It’s only been a year since the Department of Veterans Affairs’ long waiting lists for healthcare became front page news. We heard testimony and promises of how it would all be fixed. Today, though, the number of veterans on waiting lists of one month or more is now 50 percent higher than it was during the height of last year’s problems.
Not only are the VA waiting lists soaring, but the department is also facing a nearly $3 billion budget shortfall, which could affect care for many veterans.
So far, it says it’s working on proposals to address its problems; unfortunately, all of these will lead to even worse patient care:
- Hiring freezes
- Rationing treatments
- Excluding some veterans whose care is terminal
Not only that, but because there’s a shortage of funds for some drugs, it’s also considering discontinuing some treatments. Specifically, a new, more effective but more costly hepatitis C treatment is on the chopping block.
Plans to Petition Congress over VA Waiting Lists
Currently, some VA officials say they’re preparing to petition Congress this month in hopes of shifting money into those programs most lacking. They expect problems from Republican lawmakers. Republicans object to removing funds from a new program intended to allow certain veterans on waiting lists and in rural areas to choose taxpayer-paid care from private doctors outside the department’s health system. The agency’s not swayed, however, “Something has to give,” the department’s deputy secretary, Sloan D. Gibson, said. “We can’t leave this as the status quo. We are not meeting the needs of veterans, and veterans are signaling that to us by coming in for additional care, and we can’t deliver it as timely as we want to.”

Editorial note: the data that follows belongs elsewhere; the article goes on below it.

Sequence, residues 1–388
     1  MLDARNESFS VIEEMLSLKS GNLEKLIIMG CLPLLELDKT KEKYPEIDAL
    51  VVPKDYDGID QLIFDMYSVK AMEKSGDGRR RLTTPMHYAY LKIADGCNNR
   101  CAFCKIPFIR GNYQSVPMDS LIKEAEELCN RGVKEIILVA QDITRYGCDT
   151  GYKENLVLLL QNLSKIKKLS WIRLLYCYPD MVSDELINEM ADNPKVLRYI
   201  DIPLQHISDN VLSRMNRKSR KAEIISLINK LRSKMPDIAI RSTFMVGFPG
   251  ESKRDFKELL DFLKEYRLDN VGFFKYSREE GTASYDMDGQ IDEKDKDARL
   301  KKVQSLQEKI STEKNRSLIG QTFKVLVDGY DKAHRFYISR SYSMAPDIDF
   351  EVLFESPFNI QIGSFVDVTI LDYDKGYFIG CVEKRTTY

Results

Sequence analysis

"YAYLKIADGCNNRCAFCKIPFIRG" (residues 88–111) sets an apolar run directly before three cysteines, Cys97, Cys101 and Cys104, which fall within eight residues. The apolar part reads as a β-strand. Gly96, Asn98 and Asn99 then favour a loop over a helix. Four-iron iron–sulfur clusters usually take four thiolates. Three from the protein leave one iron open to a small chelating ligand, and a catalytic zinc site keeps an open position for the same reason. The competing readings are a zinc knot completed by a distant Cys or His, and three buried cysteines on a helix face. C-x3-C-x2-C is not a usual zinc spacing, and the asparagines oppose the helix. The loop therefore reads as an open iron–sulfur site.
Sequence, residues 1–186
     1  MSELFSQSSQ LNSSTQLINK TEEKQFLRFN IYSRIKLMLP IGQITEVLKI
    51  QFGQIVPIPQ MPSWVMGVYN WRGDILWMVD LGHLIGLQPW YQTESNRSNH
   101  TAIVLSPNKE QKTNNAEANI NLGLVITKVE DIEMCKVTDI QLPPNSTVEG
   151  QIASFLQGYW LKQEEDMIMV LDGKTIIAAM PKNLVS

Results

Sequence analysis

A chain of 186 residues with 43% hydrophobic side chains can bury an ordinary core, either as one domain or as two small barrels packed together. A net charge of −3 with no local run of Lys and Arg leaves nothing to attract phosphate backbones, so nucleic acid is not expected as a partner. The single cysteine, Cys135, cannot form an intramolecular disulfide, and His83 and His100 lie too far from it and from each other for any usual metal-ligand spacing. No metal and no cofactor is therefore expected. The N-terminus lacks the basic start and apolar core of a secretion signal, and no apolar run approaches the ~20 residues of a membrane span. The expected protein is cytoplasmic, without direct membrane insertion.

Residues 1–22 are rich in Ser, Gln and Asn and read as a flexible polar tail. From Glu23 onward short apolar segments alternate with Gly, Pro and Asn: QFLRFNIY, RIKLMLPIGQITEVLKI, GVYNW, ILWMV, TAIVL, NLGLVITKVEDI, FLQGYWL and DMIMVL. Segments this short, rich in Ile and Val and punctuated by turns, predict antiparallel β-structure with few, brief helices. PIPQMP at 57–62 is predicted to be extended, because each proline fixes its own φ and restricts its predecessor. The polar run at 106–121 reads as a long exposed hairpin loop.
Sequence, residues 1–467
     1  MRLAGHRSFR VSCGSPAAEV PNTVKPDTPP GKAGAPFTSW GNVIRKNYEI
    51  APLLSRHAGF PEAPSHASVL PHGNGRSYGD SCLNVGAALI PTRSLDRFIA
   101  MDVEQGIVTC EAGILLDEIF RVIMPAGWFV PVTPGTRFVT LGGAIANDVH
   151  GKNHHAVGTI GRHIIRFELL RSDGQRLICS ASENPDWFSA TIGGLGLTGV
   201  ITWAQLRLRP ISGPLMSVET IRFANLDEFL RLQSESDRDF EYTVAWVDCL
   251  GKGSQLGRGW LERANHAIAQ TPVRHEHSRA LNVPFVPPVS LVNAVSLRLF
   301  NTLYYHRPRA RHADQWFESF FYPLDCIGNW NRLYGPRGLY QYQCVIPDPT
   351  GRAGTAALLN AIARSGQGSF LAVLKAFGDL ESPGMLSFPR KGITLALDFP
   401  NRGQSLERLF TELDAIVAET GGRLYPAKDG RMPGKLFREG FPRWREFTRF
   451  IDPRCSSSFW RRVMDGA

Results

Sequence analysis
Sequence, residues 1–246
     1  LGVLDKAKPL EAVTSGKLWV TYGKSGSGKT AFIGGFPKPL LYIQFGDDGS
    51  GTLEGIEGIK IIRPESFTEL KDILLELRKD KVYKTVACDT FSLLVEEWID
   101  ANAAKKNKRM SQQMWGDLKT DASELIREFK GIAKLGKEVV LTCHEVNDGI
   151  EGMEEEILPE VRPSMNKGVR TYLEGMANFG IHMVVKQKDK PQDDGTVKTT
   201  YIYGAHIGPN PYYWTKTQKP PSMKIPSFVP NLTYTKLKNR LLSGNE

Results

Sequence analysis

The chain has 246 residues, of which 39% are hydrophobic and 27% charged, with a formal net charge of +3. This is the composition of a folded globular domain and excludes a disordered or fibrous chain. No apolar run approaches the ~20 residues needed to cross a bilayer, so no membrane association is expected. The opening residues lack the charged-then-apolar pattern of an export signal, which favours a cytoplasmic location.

What about the department’s very public expansion for access to patient care for our veterans? It says its doctors and nurses have handled 2.7 million more appointments than in any previous year, while authorizing 900,000 additional patients to see outside physicians. In all, agency officials say, they have increased capacity by more than seven million patient visits per year. This is effectively double what they initially predicted they would need to fix the problems. And, as we’re learning, even that was not enough.
So why the woefully lacking predictions? Leaders in the VA say they underestimated both “physician workloads” and “veterans demand”. Many say it’s a cop- out. They say there’s not been an increase in demand; it’s simply a matter of finally getting the true numbers, something officials should have known all along. One spokesperson for the VA says he and his counterparts were “stunned by the number of new patients seeking treatment even as the V.A. had increased its capacity”.
Time will tell; the VA is preparing to go before Congress in the coming weeks. For now, if you have questions or want to explore your options for VA benefits, we invite you to contact our offices.
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